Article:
Inexhaustible Thoreau

Forty-seven manuscript volumes, seven thousand pages, two million words: the journals of Henry David Thoreau have been edited, extracted, and analyzed over and over again. Beginning with himself, since he used his journals for notes and drafts of articles, books, and speeches. It was his practice to write every day (life, of course, made exceptions); it could be a fine practice to read from him everyday, because he is quite inexhaustible. Let’s admit his published books sometimes make for hard reading; but not so the journals.

These voluminous writings serve as the basis of the exhibit at The Morgan Library and Museum, running until September 10th, entitled This Ever New Self. It’s moving to the Concord Museum, source of more than a few of the items on display, in late September and staying there until 1/21/18. See it!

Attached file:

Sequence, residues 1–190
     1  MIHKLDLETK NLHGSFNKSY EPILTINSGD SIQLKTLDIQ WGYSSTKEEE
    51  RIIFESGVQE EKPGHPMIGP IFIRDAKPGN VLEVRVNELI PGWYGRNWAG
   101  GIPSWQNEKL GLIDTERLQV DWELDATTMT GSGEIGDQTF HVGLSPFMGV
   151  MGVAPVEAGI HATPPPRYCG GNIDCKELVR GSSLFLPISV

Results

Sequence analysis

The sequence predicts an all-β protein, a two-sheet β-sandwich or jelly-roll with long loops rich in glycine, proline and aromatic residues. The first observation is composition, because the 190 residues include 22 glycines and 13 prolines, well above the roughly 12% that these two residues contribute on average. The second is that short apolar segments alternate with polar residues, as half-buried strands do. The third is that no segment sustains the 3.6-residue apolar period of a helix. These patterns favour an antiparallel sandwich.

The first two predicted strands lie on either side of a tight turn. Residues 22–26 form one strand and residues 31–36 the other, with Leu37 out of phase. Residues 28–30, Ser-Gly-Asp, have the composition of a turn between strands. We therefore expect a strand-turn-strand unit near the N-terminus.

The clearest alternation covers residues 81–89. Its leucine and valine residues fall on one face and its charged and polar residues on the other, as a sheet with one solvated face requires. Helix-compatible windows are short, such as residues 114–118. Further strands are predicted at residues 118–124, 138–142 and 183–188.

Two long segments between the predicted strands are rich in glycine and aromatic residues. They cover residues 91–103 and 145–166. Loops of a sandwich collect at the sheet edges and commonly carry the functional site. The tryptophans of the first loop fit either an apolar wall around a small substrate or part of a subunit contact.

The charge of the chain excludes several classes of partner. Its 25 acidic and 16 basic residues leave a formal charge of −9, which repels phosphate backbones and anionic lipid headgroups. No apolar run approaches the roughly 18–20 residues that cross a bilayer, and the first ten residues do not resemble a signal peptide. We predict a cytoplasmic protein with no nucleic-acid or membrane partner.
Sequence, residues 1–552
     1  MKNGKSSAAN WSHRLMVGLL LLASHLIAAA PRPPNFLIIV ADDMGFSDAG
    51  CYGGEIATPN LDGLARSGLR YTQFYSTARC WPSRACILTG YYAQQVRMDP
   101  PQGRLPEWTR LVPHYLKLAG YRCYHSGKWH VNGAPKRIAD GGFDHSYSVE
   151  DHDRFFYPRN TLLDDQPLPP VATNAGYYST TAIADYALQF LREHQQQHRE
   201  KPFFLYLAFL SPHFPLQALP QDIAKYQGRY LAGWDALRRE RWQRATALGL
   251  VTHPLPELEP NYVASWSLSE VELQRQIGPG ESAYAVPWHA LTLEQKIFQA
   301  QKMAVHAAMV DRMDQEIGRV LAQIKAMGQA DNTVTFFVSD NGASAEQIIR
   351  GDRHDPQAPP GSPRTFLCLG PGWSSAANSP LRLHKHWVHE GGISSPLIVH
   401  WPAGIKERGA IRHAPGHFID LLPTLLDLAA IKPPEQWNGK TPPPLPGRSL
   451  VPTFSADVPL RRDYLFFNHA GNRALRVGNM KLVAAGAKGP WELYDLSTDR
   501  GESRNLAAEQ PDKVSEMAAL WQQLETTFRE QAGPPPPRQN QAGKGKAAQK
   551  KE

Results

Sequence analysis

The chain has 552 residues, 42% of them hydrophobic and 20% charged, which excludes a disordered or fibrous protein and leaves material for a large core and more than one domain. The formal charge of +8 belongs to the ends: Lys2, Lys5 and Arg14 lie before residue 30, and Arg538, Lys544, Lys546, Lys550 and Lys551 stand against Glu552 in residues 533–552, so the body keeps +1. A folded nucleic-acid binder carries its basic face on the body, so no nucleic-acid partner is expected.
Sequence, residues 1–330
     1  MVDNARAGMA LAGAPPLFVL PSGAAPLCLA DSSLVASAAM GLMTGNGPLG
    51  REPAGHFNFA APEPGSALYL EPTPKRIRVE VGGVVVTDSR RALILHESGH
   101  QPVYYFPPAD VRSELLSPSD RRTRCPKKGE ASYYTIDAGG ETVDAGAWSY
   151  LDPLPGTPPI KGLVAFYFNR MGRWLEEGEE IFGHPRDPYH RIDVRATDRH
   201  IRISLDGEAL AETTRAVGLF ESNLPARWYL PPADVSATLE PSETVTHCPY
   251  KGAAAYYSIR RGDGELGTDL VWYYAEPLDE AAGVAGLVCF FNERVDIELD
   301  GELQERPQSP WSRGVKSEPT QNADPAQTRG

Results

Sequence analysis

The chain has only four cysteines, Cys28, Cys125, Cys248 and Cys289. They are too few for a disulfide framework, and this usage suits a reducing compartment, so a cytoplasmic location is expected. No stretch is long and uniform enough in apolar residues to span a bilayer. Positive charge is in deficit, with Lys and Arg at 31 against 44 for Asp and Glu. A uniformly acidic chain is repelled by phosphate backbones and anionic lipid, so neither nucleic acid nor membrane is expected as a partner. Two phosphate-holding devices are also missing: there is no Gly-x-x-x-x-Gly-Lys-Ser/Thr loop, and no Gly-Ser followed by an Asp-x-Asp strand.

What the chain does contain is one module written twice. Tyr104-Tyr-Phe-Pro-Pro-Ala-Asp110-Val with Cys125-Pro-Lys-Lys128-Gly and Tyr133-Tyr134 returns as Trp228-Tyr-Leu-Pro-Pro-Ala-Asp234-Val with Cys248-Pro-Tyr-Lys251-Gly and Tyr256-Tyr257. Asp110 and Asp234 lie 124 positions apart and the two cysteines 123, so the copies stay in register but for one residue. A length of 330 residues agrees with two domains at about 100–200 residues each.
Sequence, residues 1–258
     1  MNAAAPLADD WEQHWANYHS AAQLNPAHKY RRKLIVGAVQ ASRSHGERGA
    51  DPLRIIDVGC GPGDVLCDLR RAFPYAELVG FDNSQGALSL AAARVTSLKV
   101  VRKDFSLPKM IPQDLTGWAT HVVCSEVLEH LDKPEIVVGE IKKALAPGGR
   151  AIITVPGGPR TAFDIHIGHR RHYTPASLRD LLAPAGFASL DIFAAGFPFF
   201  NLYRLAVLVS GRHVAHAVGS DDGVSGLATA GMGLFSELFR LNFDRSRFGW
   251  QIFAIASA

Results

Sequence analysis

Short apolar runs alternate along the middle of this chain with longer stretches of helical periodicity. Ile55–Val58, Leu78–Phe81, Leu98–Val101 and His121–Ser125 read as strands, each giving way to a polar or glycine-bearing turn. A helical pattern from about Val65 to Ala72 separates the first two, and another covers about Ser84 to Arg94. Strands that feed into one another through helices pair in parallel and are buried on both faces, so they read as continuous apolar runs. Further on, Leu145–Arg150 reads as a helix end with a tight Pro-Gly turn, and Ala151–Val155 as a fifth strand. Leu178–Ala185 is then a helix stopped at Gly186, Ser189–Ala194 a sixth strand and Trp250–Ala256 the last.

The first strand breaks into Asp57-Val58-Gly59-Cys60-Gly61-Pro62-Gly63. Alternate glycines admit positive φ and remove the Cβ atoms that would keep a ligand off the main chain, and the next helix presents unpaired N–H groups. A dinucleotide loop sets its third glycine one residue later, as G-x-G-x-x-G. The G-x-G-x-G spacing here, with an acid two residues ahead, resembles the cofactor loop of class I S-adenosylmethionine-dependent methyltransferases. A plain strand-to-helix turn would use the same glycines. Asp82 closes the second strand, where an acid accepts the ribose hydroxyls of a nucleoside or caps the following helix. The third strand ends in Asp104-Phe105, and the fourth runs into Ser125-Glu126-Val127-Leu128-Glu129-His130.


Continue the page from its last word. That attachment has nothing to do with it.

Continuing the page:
The words are the things here, but you can also see such stuff as his walking stick, incised by the inch as a handy reference; his desk, pictured above, of Shaker-like simplicity; his ruler, inscribed D.H.T.; samples of the famous Thoreau & Co. pencils, and a lovely blue display box they would have been sold from; and two of his herbarium sheets. Above all, the flowing hand of his writing across pages of notebooks. This liquid scrawl is really quite difficult to read now. But judging from the finely-chiseled clarity of a letter sent to him, it was probably difficult to read Thoreau’s handwriting in his own time. Yet the words make an admirable pattern, a trace of vitality. It scootles across the page.
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156 years after his death, we are still reading. Some people don’t get this; wowza, are they missing out!

1 Response to “Inexhaustible Thoreau”


  1. 1 Geoff Wisner (@geoffwisner) July 27, 2017 at 12:05 pm

    That’s the wonderful thing about the Journal. It keeps breeding new ideas and new books (I’ve made two of them myself) like a giant ball of sourdough.


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